TCI’s Universal Referral Intervention Leads Non-FP Service Providers to Promote Family Planning
In Burkina Faso, health service provision is typically not integrated across departments or units in a facility. For example, vaccination service deals only with vaccinations and pediatric service is only for children and childhood illnesses. Family planning services usually are only offered by trained providers working in the family planning unit. This means other service providers do not mention family planning to clients who might have an unmet need for family planning.
But after The Challenge Initiative (TCI) introduced its high-impact Systematic Identification of Client’s Needs in Family Planning (ISBC) intervention in Ouagadougou, providers in non-FP units in TCI-supported facilities – such as the maternal, neonatal and infant-juvenile care units – could identify and screen women of reproductive age for potential family planning needs.
At least one provider in each of the non-FP units in 155 health facilities supported by TCI across the city were introduced to the ISBC intervention by TCI coaches. Those trained providers were then instructed to train their colleagues within their same unit. Now all providers in those facilities can identify women who may be in need of family planning services, whatever the reason that brought them to the health facility.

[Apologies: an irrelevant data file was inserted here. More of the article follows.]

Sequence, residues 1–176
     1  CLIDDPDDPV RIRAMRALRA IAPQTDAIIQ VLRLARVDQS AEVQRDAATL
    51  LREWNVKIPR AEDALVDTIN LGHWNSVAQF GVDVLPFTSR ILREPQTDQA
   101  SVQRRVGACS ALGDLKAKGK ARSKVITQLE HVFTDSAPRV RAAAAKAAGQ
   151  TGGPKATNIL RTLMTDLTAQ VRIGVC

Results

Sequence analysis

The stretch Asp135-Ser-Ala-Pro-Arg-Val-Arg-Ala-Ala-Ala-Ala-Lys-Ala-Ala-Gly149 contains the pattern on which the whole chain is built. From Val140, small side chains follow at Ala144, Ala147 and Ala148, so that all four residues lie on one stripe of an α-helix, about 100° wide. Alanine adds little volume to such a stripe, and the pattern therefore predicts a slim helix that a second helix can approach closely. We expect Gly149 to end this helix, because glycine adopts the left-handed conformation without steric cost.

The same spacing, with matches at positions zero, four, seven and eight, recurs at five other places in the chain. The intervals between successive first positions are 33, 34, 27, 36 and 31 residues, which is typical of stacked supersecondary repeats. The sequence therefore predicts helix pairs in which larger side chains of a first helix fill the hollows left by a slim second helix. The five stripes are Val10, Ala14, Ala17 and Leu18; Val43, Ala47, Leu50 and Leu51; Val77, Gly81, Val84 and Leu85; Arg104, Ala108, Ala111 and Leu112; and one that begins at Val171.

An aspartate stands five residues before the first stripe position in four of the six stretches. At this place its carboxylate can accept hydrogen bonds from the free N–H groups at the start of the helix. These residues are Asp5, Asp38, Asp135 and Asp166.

In addition, TCI has coached midwives and nurses on ISBC, and ISBC implementation monitoring is now being conducted as part of supportive supervision. ISBC identifies potential family planning clients with unmet need and then offers them appropriate care – whether that is a contraceptive method or a referral to another unit for a long-acting reversible contraceptive (LARC) method – through the active involvement of staff throughout the facility, including the vaccination, pediatrics and curative care units. Family planning is now the concern of all providers in the 155 TCI-supported health facilities.
Ms. Diallo Zerbo Fatimata, a Nursing and Obstetric Care Manager in Ouagadougou, explains the significance of this new approach:
The ISBC approach has enabled users of our health facilities to obtain information and counseling on FP regardless of the unit consulted. Now, clients have several entry points for obtaining FP information and counseling. Young people are less stigmatized because they now have access to FP information and counseling without having to go for FP service.”
The ISBC approach has increased family planning demand across all the supported health facilities after an initial decline due to the COVID-19 pandemic. The chart below shows a total 45% increase in annual family planning client volume over the 12-month period ending August 31, 2021, with a 27% increase in LARCs over the same time period. Non-FP service providers are willing to refer clients for FP services because they see that their patients have a real unmet need. ISBC is simple to implement as well, with just three additional counseling questions asked of potential FP clients. These changes are crucial in preventing unplanned pregnancies and the serious health risks associated with unplanned pregnancies for mothers and newborns in Burkina Faso.